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    The SCITEAS experiment: optical characterizations of sublimating icy planetary analogues

    Pommerol, A. and Jost, B. and Poch, O. and El-Maarry, Mohamed Ramy and Vuitel, B. and Thomas, N. (2015) The SCITEAS experiment: optical characterizations of sublimating icy planetary analogues. Planetary and Space Science 109-11 , pp. 106-122. ISSN 0032-0633.

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    Abstract

    We have designed and built a laboratory facility to investigate the spectro-photometric and morphologic properties of different types of ice-bearing planetary surface analogs and follow their evolution upon exposure to a low pressure and low temperature environment. The results obtained with this experiment are used to verify and improve our interpretations of current optical remote-sensing datasets. They also provide valuable information for the development and operation of future optical instruments. The Simulation Chamber for Imaging the Temporal Evolution of Analogue Samples (SCITEAS) is a small thermal vacuum chamber equipped with a variety of ports and feedthroughs that permit both in-situ and remote characterizations as well as interacting with the sample. A large quartz window located directly above the sample is used to observe its surface from outside with a set of visible and near-infrared cameras. The sample holder can be easily and quickly inserted and removed from the chamber and is compatible with the other measurement facilities of the Laboratory for Outflow Studies of Sublimating Materials (LOSSy) at the University of Bern. We report here on the results of two of the first experiments performed in the SCITEAS chamber. In the first experiment, fine-grained water ice mixed with dark organic and mineral matter was left to sublime in vacuum and at low temperature, simulating the evolution of the surface of a comet nucleus approaching the Sun. We observed and characterized the formation and evolution of a crust of refractory organic and mineral matter at the surface of the sample and linked the evolution of its structure and texture to its spectro-photometric properties. In the second experiment, a frozen soil was prepared by freezing a mixture of smectite mineral and water. The sample was then left to sublime for 6 h to simulate the loss of volatiles from icy soil at high latitudes on Mars. Colour images were produced using the definitions of the filters foreseen for the CaSSIS imager of the Exomars/TGO mission in order to prepare future science operations.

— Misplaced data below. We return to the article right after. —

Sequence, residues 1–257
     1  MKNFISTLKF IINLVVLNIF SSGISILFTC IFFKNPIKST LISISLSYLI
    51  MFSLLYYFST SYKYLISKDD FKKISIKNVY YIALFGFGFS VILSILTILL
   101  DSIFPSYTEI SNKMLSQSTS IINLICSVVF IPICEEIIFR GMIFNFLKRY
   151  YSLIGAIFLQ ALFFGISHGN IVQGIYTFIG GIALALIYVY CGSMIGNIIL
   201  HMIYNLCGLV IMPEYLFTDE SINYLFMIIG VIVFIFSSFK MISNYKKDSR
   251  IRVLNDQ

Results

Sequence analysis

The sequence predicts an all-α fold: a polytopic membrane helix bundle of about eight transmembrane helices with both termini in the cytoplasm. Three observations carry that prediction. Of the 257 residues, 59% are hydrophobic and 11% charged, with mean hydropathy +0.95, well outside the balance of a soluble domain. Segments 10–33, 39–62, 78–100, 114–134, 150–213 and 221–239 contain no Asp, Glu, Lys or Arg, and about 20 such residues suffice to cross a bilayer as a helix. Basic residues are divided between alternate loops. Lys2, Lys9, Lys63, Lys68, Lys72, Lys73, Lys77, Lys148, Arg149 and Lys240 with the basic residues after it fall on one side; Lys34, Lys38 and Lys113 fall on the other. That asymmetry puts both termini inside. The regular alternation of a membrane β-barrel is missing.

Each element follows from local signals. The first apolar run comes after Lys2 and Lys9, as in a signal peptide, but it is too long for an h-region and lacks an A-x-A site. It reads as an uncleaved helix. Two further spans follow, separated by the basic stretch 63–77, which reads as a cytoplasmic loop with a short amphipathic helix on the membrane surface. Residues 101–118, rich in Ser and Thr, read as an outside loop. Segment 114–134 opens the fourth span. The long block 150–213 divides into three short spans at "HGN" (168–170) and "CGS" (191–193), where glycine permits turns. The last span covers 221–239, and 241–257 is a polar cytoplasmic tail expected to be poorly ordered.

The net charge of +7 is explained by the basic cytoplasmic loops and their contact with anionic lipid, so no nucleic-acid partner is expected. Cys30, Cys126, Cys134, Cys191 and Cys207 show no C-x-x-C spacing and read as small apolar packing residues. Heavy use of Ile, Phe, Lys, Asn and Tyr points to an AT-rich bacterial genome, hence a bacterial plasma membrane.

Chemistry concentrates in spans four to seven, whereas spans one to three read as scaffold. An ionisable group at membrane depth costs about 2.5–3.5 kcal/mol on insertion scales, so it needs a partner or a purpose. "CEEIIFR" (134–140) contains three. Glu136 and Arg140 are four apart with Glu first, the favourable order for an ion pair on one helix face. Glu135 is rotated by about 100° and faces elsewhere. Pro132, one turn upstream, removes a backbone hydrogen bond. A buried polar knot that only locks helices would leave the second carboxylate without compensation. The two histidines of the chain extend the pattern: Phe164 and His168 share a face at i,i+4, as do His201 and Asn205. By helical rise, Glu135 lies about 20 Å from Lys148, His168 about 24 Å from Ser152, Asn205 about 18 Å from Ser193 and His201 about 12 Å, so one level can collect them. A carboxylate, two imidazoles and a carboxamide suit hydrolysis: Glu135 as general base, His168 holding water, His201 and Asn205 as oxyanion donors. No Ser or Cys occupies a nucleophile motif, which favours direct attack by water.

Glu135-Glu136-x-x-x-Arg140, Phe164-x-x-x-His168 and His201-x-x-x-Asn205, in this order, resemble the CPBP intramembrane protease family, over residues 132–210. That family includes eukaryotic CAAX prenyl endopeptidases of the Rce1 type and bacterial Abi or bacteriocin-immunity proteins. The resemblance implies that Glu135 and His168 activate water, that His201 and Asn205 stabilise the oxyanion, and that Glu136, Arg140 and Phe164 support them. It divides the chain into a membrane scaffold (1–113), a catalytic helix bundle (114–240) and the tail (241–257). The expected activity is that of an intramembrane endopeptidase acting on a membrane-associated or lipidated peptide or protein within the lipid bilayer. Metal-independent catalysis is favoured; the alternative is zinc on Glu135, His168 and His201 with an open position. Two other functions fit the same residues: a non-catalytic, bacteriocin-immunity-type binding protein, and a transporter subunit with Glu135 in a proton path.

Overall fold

Metadata

    Item Type: Article
    Keyword(s) / Subject(s): Photometry, Spectroscopy, Physical properties, Water ice, Analogues, Comets, Mars, Icy satellites
    School: Birkbeck Schools and Departments > School of Science > Earth and Planetary Sciences
    Depositing User: Administrator
    Date Deposited: 06 Dec 2018 15:25
    Last Modified: 06 Dec 2018 15:25
    URI: http://eprints.bbk.ac.uk/id/eprint/25374

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